Barcelona’s Supercomputing Centre (BSC) is testing its first batch of 100 open source chips based on the RISC-V computer instruction set architecture. The centre aims to build open source CPUs that can be used for high-performance computing and Internet of Things applications, as well as for academic research projects. “The European RISC-V ecosystem is growing fast,” says Miquel Moretó, one of the RISC-V researchers at BSC.
Barcelona’s Lagarto design was presented in May at the Europractice platform for microelectronics and electronic system design. The research institute is “firmly committed to the development of a processor ‘made in Europe’,” an article by the BSC quotes director Mateo Valero as saying.
The article continues:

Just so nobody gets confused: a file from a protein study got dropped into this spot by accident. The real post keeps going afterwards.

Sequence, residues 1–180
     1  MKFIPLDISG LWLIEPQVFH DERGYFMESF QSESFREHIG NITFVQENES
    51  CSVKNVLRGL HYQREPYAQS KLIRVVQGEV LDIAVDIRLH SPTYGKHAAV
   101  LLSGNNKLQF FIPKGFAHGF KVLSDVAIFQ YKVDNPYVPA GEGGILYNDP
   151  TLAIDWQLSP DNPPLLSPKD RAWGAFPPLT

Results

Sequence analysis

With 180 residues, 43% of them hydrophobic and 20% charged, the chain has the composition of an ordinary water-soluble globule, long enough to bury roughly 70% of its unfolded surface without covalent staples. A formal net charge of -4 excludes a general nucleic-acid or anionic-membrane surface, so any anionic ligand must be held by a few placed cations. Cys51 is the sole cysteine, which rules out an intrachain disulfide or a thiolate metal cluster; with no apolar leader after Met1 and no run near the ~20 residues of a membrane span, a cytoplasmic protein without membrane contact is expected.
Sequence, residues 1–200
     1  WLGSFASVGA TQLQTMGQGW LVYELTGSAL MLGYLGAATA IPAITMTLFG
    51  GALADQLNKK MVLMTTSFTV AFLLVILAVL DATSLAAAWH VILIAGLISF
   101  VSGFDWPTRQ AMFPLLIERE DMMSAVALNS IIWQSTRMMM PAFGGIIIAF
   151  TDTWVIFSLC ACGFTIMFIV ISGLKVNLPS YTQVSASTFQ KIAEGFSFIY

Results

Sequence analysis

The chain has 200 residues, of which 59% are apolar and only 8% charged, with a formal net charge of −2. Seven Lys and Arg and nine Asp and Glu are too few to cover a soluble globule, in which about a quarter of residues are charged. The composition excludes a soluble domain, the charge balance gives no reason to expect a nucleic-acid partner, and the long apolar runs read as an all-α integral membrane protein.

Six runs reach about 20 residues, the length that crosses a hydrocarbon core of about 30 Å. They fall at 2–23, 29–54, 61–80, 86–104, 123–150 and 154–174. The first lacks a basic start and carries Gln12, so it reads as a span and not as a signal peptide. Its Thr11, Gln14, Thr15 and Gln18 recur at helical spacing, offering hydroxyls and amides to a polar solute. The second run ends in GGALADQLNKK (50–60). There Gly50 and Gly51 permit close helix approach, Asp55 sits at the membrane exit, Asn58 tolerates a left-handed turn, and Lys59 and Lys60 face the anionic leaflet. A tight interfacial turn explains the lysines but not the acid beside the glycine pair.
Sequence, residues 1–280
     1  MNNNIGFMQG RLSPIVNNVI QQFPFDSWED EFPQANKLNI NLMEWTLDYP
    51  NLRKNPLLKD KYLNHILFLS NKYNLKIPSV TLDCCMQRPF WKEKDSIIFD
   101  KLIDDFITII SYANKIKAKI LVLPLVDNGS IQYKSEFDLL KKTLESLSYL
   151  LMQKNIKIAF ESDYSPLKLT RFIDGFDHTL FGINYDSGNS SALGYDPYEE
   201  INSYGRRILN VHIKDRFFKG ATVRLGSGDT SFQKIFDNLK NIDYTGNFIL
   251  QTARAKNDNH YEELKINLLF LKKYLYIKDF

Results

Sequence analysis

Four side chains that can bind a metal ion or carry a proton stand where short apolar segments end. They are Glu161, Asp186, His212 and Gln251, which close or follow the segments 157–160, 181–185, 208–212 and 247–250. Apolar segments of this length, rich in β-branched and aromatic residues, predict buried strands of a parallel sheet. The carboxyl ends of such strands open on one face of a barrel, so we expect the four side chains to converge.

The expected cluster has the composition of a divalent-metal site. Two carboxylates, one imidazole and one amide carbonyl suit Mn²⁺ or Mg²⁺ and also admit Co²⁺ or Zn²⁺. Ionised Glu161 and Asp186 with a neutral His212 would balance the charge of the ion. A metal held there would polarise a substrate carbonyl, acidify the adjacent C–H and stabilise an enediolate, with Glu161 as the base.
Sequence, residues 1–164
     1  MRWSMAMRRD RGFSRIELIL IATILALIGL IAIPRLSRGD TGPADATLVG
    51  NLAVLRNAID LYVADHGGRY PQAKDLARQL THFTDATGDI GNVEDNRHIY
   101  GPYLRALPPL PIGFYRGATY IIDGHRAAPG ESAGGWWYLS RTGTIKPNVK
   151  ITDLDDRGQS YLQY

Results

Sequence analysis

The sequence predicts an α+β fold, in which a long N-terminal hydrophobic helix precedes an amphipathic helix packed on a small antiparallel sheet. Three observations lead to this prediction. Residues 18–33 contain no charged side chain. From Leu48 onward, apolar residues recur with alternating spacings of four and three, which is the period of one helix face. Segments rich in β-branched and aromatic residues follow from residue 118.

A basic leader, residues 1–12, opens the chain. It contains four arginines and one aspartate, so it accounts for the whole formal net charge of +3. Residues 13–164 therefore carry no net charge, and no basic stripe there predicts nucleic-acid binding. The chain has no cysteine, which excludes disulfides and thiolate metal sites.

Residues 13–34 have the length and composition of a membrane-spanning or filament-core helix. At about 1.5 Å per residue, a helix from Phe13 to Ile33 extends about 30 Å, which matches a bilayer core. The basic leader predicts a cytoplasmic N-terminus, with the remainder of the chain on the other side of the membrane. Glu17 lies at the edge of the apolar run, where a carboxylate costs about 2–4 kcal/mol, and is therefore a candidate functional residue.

“Lagarto is an important step in the ambition of the BSC, led by the center's director, Mateo Valero, to develop European computing technology. This project is based on the premise that the instruction repertoire of future processors must be open source to ensure transparency and minimize dependence.”
The BSC RISC-V (“risk-five”) chips and circuit boards, codenamed Lagarto (“lizard”), are the result of a two-year project involving 30 researchers from BSC, the IPN Computer Research Center in Mexico City, and the Centro Nacional de Microelectrónica and the Polytechnic University of Catalonia, both in Barcelona.
The BSC is also involved in the European Processor Initiative, involving in total 27 academic research organisations and companies. Here it is working on alternative RISC-V designs such as Pulp and Ariane, which are jointly developed by the Swiss Federal Institute of Technology in Zurich and the University of Bologna, Italy.
European companies involved in RISC-V include Cortus, headquartered in France, the UK’s Cobham, and NXP in the Netherlands. “Many other companies are working on RISC-V designs, focused on a wide range of applications. There are many exciting projects going on,” researcher Moretó told the European Commission’s Open Source Observatory.